- The video game adaptation of the Lord of the Rings films (the Lord of the Rings: The Two Towers game) uses the forging of the One Ring for its opening FMV, then drops the first-time player right into Isildur's boots in the battle between the Last Alliance and Sauron's forces on the foothills of Mount Doom with no explanation and little in the way of tutorials. The same goes for the later Return of the King game, you can only access the menu on subsequent startups, as on initial installation it runs through clips from the movies of The Battle of Helm's Deep up to Gandalf's arrival, at which point it crossfades directly from live-action to gameplay in the heat of his siegebreaking.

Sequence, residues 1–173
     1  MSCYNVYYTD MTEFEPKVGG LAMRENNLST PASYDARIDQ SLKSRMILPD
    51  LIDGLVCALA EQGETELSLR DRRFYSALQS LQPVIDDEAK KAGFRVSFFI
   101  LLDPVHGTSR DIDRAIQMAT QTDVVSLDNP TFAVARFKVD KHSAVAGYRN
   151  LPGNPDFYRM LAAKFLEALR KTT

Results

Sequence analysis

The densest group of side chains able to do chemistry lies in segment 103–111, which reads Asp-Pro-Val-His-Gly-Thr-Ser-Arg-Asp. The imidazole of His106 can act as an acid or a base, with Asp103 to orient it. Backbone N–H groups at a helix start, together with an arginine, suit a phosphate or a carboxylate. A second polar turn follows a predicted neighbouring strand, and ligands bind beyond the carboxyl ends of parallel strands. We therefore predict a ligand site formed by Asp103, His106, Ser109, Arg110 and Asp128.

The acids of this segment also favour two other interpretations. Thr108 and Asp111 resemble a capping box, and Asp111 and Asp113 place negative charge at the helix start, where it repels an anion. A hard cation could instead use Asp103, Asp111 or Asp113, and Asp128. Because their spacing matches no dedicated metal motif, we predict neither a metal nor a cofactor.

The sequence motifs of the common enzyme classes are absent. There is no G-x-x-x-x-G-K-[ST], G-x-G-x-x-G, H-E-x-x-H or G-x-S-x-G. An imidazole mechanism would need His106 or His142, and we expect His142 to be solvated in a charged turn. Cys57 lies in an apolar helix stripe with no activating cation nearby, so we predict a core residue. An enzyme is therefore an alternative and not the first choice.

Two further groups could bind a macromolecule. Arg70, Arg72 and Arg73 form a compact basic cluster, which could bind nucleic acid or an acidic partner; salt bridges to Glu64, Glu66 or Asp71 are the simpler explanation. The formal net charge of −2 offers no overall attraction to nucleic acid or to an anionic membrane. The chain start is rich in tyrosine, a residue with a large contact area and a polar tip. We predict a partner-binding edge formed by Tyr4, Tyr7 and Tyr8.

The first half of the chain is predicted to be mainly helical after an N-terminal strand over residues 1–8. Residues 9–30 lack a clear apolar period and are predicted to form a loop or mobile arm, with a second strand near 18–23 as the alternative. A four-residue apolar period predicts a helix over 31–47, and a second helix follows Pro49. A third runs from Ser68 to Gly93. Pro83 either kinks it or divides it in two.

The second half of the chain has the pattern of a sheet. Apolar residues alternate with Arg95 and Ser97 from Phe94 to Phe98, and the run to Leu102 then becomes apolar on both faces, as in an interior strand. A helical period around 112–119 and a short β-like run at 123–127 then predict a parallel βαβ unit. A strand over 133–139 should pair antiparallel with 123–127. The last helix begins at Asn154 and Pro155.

- When Splatoon is booted for the first time, it throws the player into a stage, but there are no enemies or hazards aside from some rival ink. The game will offer a tutorial during this stage and, once it's completed and the player reaches the end, he or she will arrive to Inkopolis, where the game will always start with all subsequent boots. Since the game only allows one save file per user ID, the protocol has to be repeated for all following ones when the game is first booted with them.
- Leisure Suit Larry: Love for Sail! does this if there is no previous save file present, throwing you straight into the intro.
- Metroid: Other M gives you the option to turn on the subtitles then throws you straight into the intro. Bypassing even the title screen!
- LittleBigPlanet prompts the player to name the character and then automatically drops him into the game's Tutorial level.